A man's desire for "just that" is considered animal-like and worthy of condemnation.
A woman's desire for "not just that" is considered family-oriented and worthy of admiration.

If we consider the stability of the family unit as a worthy goal, worthier than the happiness of its constituents, then it is obvious that a long-term commitment (that is, Marriage) which go against male nature is the primary yoke that society is enforcing.

The institution of marriage, and the legal safeguards it offers women, is more commonly a burden and restriction for men than for women. This observation will be rather unacceptable to many modern women, but consider the obvious fact that male mammals want to run away (after impregnating, they lose interest), whereas female mammals want to hold them down to provide for them (their interest continues, and becomes more significant after getting impregnated).

The woman seeking long-term commitments is as much a fact of life as a man seeking to spread his seed far and wide. I don't think this fact is going to change anytime soon as it is in our DNA.

It is easy to see that the female's instincts lead to the secure upbringing of the offspring. On the other hand a question might be asked whether an alpha male contributes to the propagation of the species by his philandering.

Of course he does. He increases the overall fitness of the population by making sure his (better) seed gets wider reception. If the rule of "one man one woman" is strictly enforced, then over time the genetic fitness of the population will wither. It is a rather obvious conclusion of Darwinian selection.

An acceptance of and a mutual respect for each other's distinct sexual nature is getting rarer these days. I wonder sometimes if that is such a good thing.

(to be continued)

Monday, June 06, 2011

The Rage of the Middle Class

The current fasts and ultimatums by Anna Hazare and Baba Ramdev in India, and the subsequent responses by the government, are a phenomenon worthy of deeper analysis.

What is going on? What about "democracy" and why aren't these people resorting to "democratic" means? Why aren't they standing for elected offices? What is corruption, really?

In my opinion, this phenomenon can be seen as the rage of a disenfranchised middle class towards what it considers illegitimate power.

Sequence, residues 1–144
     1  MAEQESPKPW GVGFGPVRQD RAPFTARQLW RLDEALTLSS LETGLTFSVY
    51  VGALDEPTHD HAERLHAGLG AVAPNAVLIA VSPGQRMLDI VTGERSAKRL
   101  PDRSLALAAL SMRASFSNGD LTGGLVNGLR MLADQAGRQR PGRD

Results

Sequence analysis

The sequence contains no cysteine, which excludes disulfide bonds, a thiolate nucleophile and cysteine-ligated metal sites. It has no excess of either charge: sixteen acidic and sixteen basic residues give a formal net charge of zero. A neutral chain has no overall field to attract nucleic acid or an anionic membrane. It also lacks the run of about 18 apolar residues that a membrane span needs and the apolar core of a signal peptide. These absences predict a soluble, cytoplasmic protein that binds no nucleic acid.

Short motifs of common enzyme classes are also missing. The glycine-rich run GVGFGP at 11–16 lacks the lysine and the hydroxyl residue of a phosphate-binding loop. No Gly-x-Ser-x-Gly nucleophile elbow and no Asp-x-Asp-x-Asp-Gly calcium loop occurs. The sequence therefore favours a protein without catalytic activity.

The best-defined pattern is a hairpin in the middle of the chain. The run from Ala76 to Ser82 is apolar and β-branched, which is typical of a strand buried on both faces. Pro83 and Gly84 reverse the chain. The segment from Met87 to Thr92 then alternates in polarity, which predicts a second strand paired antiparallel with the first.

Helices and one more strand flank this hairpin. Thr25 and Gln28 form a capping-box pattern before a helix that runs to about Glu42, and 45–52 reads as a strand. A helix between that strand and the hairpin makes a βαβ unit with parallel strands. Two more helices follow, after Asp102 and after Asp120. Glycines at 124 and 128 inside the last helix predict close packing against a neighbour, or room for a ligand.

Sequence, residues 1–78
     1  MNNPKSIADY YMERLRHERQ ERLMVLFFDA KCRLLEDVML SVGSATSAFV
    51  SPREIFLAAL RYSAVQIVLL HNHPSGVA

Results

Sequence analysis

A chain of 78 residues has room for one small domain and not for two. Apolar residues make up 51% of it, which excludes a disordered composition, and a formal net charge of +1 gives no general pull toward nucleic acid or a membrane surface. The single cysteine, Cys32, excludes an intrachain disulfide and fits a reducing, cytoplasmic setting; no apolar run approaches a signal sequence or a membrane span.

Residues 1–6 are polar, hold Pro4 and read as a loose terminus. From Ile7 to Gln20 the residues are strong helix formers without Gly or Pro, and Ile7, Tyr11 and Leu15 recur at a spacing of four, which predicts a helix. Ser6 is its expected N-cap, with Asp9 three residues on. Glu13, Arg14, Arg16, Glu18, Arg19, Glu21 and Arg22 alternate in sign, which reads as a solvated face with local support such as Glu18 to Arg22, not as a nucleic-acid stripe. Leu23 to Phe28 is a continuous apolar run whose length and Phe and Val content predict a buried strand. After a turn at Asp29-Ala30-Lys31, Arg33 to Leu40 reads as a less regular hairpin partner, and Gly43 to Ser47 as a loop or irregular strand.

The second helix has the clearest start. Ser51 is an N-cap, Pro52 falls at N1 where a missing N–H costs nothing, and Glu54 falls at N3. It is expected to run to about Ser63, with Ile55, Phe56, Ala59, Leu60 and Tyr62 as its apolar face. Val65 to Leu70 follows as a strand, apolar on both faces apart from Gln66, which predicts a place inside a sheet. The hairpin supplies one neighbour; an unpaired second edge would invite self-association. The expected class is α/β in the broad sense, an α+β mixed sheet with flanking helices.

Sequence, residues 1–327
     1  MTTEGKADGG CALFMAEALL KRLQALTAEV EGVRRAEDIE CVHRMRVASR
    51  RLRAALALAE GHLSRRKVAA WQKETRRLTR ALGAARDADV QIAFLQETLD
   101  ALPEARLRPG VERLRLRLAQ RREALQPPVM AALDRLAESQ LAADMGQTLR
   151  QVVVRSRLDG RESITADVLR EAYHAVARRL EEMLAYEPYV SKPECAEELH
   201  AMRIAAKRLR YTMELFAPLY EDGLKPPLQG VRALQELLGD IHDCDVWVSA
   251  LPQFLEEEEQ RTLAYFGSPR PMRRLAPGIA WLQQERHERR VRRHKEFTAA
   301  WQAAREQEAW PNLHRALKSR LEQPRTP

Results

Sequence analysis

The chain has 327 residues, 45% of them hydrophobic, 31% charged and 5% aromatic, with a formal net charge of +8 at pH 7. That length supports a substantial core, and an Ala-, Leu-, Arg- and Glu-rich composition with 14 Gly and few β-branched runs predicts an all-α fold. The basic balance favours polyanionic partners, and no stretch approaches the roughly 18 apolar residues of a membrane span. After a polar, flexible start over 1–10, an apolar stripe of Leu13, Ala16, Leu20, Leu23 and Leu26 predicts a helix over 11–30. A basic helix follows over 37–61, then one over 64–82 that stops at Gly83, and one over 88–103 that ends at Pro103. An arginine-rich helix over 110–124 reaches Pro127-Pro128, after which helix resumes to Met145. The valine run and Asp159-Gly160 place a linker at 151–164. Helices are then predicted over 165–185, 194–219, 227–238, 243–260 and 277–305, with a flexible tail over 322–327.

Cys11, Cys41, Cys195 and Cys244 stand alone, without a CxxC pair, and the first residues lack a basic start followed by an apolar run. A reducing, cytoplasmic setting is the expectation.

India is a mostly poor, illiterate, agrarian, religious nation. The political power in India lies with a certain elite who can manage to rally the ignorant and the poor behind them by promising short-term, caste or religion oriented, or populist gains. On the other hand, the corporate power lies with a different set of elites who are managing the economy very "resourcefully".

In short, political power is the fiefdom of the leaders of ignoranti, who are joined in their endeavor by the capitalist elite.

Middle classes, the salaried, tax-paying, fixed-depositing, diabetic, high-blood-pressure, worrying about television and pranayama classes have no representative in these times. Even in big cities, the vote banks lie with the poor, the illegal settlers, the religious fanatics, the ones who vote on strict pragmatic considerations of benefits offered, and so on.

The middle classes are aghast that both the filthy poor and the filthy rich are milking them dry. But they have no real recourse. The legal system is dysfunctional, the middle classes neither have the time nor the ability to enter politics or to fight court battles (except against each other), and they are wondering if democracy is really such a good thing for them. They are taxed, but they have no voice. Their money goes to the poor (think free power) and to the privileged rich (think CWG) alike.

Media seems to be their only friend, even if a hoary and shrill one. They are the target audience for most of what goes on on television. The only good reason for an intellectual to watch television these days (I think) is to gauge what the middle classes are interested in: gadgets, cooking oils, air conditioners, song and dance, infotainment, urban crime stories, etc.

Democracy is not coming to their aid because of a number of reasons:
  • They don't vote, already pessimistic that the other vote banks are far more powerful.
  • They are not organized, and hence have almost no lobbying power.
  • Due to the career progressions and the invasion of the knowledge economy, they are being scattered far and wide, and far too often, across the country.
  • They are living in a media-fed cocoon with no time for anything except their domestic concerns and rising bills.
  • Due to the way they bring up their kids, all moral, non-violent and risk-averse, their kids don't end up being political leaders or corporate plunderers.
But, and especially since the markets have opened up, their discontent is rising, their sense of entitlement is becoming more flagrant and insistent, and there is growing sense of helplessness, unease and rage.